Home for the Johennsens is California’s lovely west coast, and financially; Jack and Crissa are comfortable, though a military lifestyle offers little in terms of luxury. The Johennsen family supports various charities and volunteers at local shelters, whenever time permits. Crissa and Jack are like-minded and nothing is more important to them than helping family and people and country.

In the Johennsen household: the discussion about children occurs often; each individual is eager to begin a family, but now is not the time. Crissa hopes that a girl would be first to arrive, but no matter, as long as the child is healthy, and happy. Doubtless, the lady jokes, our child would be quite beautiful…especially if she looks like me (ha ha).

Today, and on a hillside far from home, Crissa is dying; while attacking an enemy unit, Crissa sustained serious damage to her chest wall and underlying tissues and organs. The medic did all he could to help her; but little more could be done, other soldiers needed aid.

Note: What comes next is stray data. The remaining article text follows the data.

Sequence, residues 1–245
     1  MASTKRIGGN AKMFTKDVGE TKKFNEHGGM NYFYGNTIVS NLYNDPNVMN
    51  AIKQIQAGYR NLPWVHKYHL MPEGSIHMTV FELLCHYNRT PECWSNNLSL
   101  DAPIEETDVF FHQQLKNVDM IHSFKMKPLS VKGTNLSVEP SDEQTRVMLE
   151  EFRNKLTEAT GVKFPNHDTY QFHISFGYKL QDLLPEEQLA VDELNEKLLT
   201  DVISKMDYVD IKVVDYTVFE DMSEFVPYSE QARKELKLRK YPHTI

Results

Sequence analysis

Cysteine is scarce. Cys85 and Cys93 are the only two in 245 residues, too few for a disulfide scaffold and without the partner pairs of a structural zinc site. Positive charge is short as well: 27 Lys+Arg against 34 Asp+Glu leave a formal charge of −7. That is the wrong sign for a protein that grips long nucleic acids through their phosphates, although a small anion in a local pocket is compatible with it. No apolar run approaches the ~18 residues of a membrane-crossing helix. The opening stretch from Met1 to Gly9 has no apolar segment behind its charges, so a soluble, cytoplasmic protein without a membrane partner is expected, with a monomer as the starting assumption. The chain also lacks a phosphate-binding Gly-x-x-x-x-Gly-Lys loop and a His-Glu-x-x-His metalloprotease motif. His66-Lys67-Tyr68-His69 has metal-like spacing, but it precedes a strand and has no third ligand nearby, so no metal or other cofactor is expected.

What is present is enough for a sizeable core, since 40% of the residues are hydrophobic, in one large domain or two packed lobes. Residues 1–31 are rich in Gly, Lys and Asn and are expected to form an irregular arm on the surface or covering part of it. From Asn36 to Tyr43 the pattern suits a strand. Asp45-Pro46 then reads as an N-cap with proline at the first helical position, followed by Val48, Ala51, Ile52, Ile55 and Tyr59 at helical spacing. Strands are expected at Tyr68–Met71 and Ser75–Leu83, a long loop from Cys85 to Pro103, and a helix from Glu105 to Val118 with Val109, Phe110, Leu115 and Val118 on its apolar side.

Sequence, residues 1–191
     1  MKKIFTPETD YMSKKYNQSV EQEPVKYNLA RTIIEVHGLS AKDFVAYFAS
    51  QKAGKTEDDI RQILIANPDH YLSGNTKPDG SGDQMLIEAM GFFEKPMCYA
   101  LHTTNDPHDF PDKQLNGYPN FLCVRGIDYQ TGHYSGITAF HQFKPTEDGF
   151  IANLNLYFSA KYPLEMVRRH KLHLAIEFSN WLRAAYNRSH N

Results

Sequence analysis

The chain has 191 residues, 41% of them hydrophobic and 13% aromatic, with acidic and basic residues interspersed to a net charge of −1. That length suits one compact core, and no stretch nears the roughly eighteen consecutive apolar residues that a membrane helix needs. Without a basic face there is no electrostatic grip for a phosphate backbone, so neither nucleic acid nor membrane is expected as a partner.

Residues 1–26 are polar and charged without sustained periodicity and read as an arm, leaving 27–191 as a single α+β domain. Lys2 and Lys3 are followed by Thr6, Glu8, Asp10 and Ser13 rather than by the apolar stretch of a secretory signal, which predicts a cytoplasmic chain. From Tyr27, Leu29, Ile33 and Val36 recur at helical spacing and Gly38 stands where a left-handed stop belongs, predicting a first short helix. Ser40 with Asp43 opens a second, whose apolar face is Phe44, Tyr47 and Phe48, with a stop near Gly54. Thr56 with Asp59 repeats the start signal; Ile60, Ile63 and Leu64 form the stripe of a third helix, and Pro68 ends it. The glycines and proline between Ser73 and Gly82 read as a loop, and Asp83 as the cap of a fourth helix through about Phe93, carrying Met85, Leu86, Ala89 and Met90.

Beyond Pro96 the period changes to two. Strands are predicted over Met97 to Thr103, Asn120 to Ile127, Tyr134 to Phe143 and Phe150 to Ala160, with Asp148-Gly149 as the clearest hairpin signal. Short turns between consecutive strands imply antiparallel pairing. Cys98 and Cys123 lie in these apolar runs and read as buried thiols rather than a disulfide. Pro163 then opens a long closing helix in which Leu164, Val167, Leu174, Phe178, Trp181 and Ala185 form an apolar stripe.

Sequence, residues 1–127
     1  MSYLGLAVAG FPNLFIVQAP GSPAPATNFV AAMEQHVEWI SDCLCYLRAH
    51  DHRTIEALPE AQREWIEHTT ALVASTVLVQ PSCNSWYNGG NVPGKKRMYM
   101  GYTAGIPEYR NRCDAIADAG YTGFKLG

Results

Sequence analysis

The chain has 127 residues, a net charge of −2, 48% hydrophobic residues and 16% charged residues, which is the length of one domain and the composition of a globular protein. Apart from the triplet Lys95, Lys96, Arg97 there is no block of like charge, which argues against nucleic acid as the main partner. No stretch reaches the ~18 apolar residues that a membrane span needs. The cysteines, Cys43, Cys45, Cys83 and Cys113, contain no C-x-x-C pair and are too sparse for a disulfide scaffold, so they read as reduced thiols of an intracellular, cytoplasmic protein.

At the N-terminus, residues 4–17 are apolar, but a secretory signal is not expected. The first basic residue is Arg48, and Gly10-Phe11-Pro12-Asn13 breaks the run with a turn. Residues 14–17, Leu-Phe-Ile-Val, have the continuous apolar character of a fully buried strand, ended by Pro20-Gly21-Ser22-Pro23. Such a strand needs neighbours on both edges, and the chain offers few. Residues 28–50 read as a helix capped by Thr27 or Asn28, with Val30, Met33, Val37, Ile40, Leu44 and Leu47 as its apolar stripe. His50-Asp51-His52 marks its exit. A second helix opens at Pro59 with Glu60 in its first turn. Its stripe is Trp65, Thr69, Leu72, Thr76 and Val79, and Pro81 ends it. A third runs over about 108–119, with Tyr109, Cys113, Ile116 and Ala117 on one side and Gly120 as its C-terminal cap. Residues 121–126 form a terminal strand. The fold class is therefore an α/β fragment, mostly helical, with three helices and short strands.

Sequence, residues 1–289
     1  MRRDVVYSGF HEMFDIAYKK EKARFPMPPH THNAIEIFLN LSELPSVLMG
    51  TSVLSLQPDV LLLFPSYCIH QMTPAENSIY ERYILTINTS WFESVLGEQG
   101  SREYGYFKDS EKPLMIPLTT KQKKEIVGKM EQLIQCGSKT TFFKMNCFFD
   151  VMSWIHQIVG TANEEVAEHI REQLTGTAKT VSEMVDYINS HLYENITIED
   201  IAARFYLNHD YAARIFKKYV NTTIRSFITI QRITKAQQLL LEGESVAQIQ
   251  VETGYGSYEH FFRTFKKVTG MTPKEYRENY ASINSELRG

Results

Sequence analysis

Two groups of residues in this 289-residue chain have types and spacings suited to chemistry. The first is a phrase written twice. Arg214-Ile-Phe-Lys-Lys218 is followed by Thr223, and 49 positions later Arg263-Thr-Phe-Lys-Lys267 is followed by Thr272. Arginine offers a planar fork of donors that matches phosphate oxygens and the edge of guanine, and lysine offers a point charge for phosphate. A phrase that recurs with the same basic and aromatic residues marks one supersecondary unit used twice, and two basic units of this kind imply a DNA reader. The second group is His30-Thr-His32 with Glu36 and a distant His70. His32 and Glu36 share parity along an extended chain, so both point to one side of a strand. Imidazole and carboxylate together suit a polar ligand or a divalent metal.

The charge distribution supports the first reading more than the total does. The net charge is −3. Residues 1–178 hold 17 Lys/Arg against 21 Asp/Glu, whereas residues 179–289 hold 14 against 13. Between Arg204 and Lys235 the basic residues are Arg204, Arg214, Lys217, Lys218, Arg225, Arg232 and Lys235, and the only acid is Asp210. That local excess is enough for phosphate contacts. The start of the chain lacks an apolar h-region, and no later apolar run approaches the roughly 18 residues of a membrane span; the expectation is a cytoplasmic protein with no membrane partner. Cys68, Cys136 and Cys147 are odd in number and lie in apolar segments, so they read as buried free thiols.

Trying to think clearly, Crissa understands the costs of war; the Morphine the medic gave her helps, but the pain would soon return.

A medevac chopper is slow on arrival; precious moments pass as Crissa waits to be air lifted out of the strike zone. Time is critical and she is unable to hold on. Lying in the dirt Crissa thinks of the wonderful years she has shared with her husband. She focuses on the many sweet moments; Jack and she has laughed, played, and cried. The irreplaceable timeless moments when staring into each other’s eyes, the sweethearts became lost in the purity of love. Crissa loves her husband more than life; and misses him; she needs him-now.